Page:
COMMUNITY OF PRACTICE IN MALARIA ELIMINATION HOSTED AT UP
The University of Pretoria (UP) will host its first Community of Practice (CoP) focusing specifically on Malaria Elimination in the UP Institute for Sustainable Malaria Control (UP ISMC). This NRF initiative endeavours to provide ‘vehicles to enable the implementation of integrated trans-disciplinary and multi-disciplinary solutions to address societal challenges and to ultimately bring change to the lives of South Africans through evidence based research findings. The envisaged aim of communities of practice is to provide research driven innovative solutions that will inform and guide policy development, as well as translate research outputs into tangible outcomes with social and/or economic impact.’
The proposed CoP in malaria elimination will incorporate the current expertise of five DST/NRF South African Research Chairs (SARChI) from four of the top research intensive Universities in the country. This includes Prof Lyn-Marie Birkholtz from the University of Pretoria, who is the current incumbent of the Chair in Sustainable Malaria Control hosted in the Department of Biochemistry, who will lead the new CoP. Prof Birkholtz was also recently notified that her SARChI appointment has been renewed for a further five years, effective 2018.
South Africa is aiming to eliminate malaria in the next five years and this will require concerted and focussed research and operational efforts. “We are in a unique situation in South Africa, as several research activities in the country have been supporting the elimination strategy and this includes several SARChI Chairs,” says Prof Birkholtz. “It makes strategic sense to combine the considerable available expertise in this regard into a focussed community of practice that will give us strength in numbers to take the South African malaria elimination agenda forward”.
The focus area of the CoP will revolve around intervention strategies for malaria elimination, ranging from the discovery of novel drug leads (Prof Kelly Chibale, University of Cape Town, Chair in Drug Discovery) used with optimised delivery systems (Prof Bert Klumperman, Stellenbosch University, Chair in Advanced Macromolecular Architectures) against both the malaria parasite (Prof Lyn-Marie Birkholtz, UP, Chair in Sustainable Malaria Control) and mosquito vectors (Prof Maureen Coetzee, University of the Witwatersrand, Chair in Medical Entomology and Vector Control), modelled within a malaria elimination setting (Prof Jacek Banasiak, UP, Chair in Mathematical Models and Methods in Biosciences and Bioengineering). The CoP will integrate and formalise these interactions and, for the first time, coordinate research efforts in South Africa for drug discovery towards malaria elimination. The CoP’s significance and innovation is therefore embedded in its focussed strategies on drug discovery for malaria elimination through solution-oriented research that will lead to innovations that address societal challenges in South Africa.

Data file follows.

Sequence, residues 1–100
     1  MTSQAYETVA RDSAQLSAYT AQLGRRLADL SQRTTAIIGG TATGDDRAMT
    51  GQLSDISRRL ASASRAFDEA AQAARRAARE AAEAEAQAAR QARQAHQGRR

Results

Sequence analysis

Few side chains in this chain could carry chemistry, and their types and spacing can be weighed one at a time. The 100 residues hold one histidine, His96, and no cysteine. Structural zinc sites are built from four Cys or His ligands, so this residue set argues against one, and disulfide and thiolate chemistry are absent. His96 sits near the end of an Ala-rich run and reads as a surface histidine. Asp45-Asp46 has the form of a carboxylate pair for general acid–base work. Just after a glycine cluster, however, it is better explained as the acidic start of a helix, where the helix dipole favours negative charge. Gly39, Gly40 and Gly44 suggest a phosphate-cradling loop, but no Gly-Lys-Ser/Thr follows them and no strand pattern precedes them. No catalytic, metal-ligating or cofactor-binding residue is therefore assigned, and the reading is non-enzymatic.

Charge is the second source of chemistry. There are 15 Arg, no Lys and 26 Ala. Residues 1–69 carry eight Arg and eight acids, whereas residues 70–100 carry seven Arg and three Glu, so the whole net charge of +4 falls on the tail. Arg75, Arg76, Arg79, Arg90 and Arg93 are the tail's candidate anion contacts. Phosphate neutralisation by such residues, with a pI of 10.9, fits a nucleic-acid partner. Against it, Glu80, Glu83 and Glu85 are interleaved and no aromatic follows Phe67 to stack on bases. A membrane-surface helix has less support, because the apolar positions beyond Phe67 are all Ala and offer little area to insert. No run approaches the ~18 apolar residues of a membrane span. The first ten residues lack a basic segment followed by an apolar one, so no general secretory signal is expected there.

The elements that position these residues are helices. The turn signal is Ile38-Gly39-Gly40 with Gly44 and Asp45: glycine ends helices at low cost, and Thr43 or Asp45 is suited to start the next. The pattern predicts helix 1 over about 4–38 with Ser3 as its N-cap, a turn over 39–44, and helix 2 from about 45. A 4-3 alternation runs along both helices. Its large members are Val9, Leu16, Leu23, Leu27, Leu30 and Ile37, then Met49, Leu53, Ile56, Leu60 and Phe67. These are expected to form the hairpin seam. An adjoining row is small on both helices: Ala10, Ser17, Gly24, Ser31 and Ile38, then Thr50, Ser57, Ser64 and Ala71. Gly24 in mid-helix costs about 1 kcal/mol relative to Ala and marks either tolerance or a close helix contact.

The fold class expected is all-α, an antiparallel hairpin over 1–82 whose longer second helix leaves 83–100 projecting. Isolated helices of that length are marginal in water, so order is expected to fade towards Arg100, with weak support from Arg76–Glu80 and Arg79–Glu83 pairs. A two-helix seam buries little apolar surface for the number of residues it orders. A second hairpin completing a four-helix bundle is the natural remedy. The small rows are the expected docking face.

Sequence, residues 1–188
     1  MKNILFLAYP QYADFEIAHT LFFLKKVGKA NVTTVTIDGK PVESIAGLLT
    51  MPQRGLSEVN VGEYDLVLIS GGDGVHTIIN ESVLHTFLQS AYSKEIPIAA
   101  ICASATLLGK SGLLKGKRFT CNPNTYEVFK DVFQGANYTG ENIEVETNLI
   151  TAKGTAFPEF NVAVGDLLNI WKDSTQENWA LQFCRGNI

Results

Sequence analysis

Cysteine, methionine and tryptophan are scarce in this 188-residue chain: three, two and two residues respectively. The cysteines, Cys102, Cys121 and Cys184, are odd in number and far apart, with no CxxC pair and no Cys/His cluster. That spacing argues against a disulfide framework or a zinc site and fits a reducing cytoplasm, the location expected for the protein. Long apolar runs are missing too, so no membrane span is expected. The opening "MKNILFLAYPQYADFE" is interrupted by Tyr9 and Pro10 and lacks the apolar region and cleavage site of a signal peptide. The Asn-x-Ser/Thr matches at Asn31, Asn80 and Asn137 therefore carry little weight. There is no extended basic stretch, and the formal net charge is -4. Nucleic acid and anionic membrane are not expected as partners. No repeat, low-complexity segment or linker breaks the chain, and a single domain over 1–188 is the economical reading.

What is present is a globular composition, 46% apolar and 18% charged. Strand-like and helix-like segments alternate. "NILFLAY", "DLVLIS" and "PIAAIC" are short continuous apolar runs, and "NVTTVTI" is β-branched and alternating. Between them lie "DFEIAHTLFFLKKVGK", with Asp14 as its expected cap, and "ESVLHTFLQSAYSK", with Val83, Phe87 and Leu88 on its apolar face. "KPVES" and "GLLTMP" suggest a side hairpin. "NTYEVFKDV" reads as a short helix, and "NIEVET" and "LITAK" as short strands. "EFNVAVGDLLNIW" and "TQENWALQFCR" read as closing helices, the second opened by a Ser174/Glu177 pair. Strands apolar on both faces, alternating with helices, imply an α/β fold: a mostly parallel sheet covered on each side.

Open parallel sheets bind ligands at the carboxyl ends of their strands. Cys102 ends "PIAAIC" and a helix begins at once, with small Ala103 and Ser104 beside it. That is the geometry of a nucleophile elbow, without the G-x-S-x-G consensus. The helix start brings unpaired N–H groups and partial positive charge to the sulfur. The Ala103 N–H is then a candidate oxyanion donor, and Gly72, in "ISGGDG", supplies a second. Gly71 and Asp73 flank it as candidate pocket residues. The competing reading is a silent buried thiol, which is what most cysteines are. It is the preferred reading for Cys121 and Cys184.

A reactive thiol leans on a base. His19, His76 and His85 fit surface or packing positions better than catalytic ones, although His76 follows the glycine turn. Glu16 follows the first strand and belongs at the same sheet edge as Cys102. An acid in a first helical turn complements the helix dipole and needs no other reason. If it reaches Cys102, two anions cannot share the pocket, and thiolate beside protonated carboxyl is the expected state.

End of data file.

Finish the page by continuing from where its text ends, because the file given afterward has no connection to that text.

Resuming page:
The CoP on Malaria Elimination has the potential to make a significant contribution to malaria elimination in South Africa (and regionally) in the next few years by providing novel health innovations and influencing strategic decisions. In addition the interdisciplinary and integrated nature of the research of the CoP, it will also train a new generation of South African scientists in implementing disease elimination strategies.
According to Prof Tiaan de Jager, Director of the UP ISMC and the MRC Collaborating Centre for Malaria Control, the trans- and multi-disciplinary approach of the UP ISMC has proved to be very successful. The CoP is taking it a step further by bringing the leading minds in the country together in the fight against malaria. He is proud that UP will host the CoP on Malaria Elimination and it is also a reflection on the good work done by the SARChI Chair of Prof Birkholtz.